Make sure your presentation is tailored specifically for each audience, mainly when dealing with CEOs or senior marketers who need a less complex report; we have a simplified presentation deck for these clients. For clients who know a lot about space, we provide a more detailed analysis of the results.
8. Keep it Simple and Avoid Overly-Technical Terms
In line with the idea of tailoring each report to your audience is to not overwhelm clients with reports that are too long or too overly technical. To that end, another client reporting best practice is to select your top 5-10 KPIs that you will focus on. If necessary, also consider adding a brief explanation of individual marketing terms to ensure clients can fully understand the report. As Paula Glynn suggests:
Emphasize key metrics that matter most to your clients and their business objectives—we try to focus on five to seven performance indicators, but not more than nine at the absolute maximum—and keep it to those numbers. Also, don't assume clients know what every term means—or that they've even read your entire report. Every report should have a brief, one-paragraph summary at the top, which states the campaign's goal, how you specifically addressed this, and highlights key takeaways from the specific campaign period.
Sean O'Neal, the President at marketing communications company Onclusive echos the same idea of avoiding overly technical terms and keeping things simple:
Not all of your clients are well-versed in everything, therefore you should not use irrelevant technical terms as much as possible. Keep it a simple and easy read. It should be direct and to the point as you shouldn’t waste your clients’ time absorbing information that is not relevant to them. Keep them short, clear, and well-written.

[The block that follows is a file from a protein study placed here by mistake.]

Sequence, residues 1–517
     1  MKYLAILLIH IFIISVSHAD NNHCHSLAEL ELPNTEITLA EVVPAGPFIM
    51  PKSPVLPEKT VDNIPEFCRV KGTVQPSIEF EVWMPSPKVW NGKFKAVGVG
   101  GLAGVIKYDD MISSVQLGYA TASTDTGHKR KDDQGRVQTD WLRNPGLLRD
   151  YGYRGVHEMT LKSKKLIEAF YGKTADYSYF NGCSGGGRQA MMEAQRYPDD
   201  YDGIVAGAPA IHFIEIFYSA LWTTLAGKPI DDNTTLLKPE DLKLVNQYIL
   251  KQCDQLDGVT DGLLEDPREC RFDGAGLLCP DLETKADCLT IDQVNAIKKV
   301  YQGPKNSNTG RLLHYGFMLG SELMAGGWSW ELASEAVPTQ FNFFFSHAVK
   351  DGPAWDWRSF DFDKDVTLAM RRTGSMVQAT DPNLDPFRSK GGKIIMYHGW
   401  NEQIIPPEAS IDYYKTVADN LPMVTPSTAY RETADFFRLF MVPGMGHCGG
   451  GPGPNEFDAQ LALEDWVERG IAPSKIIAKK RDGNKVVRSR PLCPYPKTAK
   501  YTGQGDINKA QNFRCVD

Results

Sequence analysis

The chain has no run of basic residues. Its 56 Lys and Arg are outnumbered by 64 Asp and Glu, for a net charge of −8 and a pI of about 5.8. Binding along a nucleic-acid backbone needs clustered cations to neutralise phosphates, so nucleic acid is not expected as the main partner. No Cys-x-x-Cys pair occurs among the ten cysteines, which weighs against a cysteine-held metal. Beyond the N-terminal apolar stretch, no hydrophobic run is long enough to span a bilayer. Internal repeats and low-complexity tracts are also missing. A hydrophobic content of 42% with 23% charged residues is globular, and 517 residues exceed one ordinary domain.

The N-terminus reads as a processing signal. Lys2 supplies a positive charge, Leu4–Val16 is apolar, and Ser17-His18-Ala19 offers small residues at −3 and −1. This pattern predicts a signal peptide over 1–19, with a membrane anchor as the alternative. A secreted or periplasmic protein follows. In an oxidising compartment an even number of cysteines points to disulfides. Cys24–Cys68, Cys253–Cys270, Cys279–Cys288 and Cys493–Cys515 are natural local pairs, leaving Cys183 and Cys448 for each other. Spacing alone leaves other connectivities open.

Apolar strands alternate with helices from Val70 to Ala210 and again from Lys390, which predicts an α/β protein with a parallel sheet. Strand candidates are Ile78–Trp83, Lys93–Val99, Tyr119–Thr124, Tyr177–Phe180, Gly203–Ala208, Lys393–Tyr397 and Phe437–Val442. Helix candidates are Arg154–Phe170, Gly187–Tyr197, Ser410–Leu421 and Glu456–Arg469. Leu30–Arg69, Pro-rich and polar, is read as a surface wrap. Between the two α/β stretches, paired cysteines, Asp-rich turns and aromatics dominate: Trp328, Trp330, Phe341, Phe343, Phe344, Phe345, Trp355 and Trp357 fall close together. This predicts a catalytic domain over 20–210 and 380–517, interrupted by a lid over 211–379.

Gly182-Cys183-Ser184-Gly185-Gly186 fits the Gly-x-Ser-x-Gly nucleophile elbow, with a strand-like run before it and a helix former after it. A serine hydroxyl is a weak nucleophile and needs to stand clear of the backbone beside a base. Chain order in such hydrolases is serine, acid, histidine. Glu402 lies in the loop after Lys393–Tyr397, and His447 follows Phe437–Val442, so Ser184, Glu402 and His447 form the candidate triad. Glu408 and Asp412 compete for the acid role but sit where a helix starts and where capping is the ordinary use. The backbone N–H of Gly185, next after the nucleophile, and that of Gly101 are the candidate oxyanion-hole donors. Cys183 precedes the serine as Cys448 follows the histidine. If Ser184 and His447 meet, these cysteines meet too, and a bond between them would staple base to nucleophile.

9. Be Transparent in With Your Progress
Finally, client reporting is all about building transparency with your clients on exactly what you’re working on, the progress you've seen so far, and your targets going forward. One way we’ve made this process of building transparency with clients easier is with the Goals features, which allow you to showcase your progress towards a specific objective in a simple, intuitive visual. As highlighted in our guide to Goal Tracking for Agencies:
Designed to help you convey the success of your campaign at a glance, Goals are applied to any marketing metric or across multiple campaigns to show clients how they're progressing towards their desired outcomes. Goals break down your monthly performance targets into everyday action items to keep your team on track.
Saskia Ketz, CEO of the brand creator and graphic design platform Mojomox echoes this idea that transparency is a key part of reporting:
One way to improve communication is by having a reporting process in place that's transparent and easy for clients. When all of your activities are visible, they can see you're working on their projects and getting results while delivering exactly what was promised.
Summary: Client Reporting Best Practices
As we’ve discussed, client reporting is a crucial part of running an agency that provides you the opportunity to scale by both reducing churn and presenting opportunities for upselling your services. While the frequency and format of each client report may change, the best practices mentioned above will help you avoid misunderstandings between the clients and provide the best customer experience possible.
Many of the key themes come down to providing consistent communication and personalizing each report to match your target audience. To do so, a final best practice is to use automated reporting software to ensure you’re always sending reports to clients at your agreed-upon frequency. In addition, with the right client reporting platform, you can provide a high-level of personalization without sacrificing time or scalability.
If you’re ready to start automating your client reports, you can sign up for a 14-day free trial here.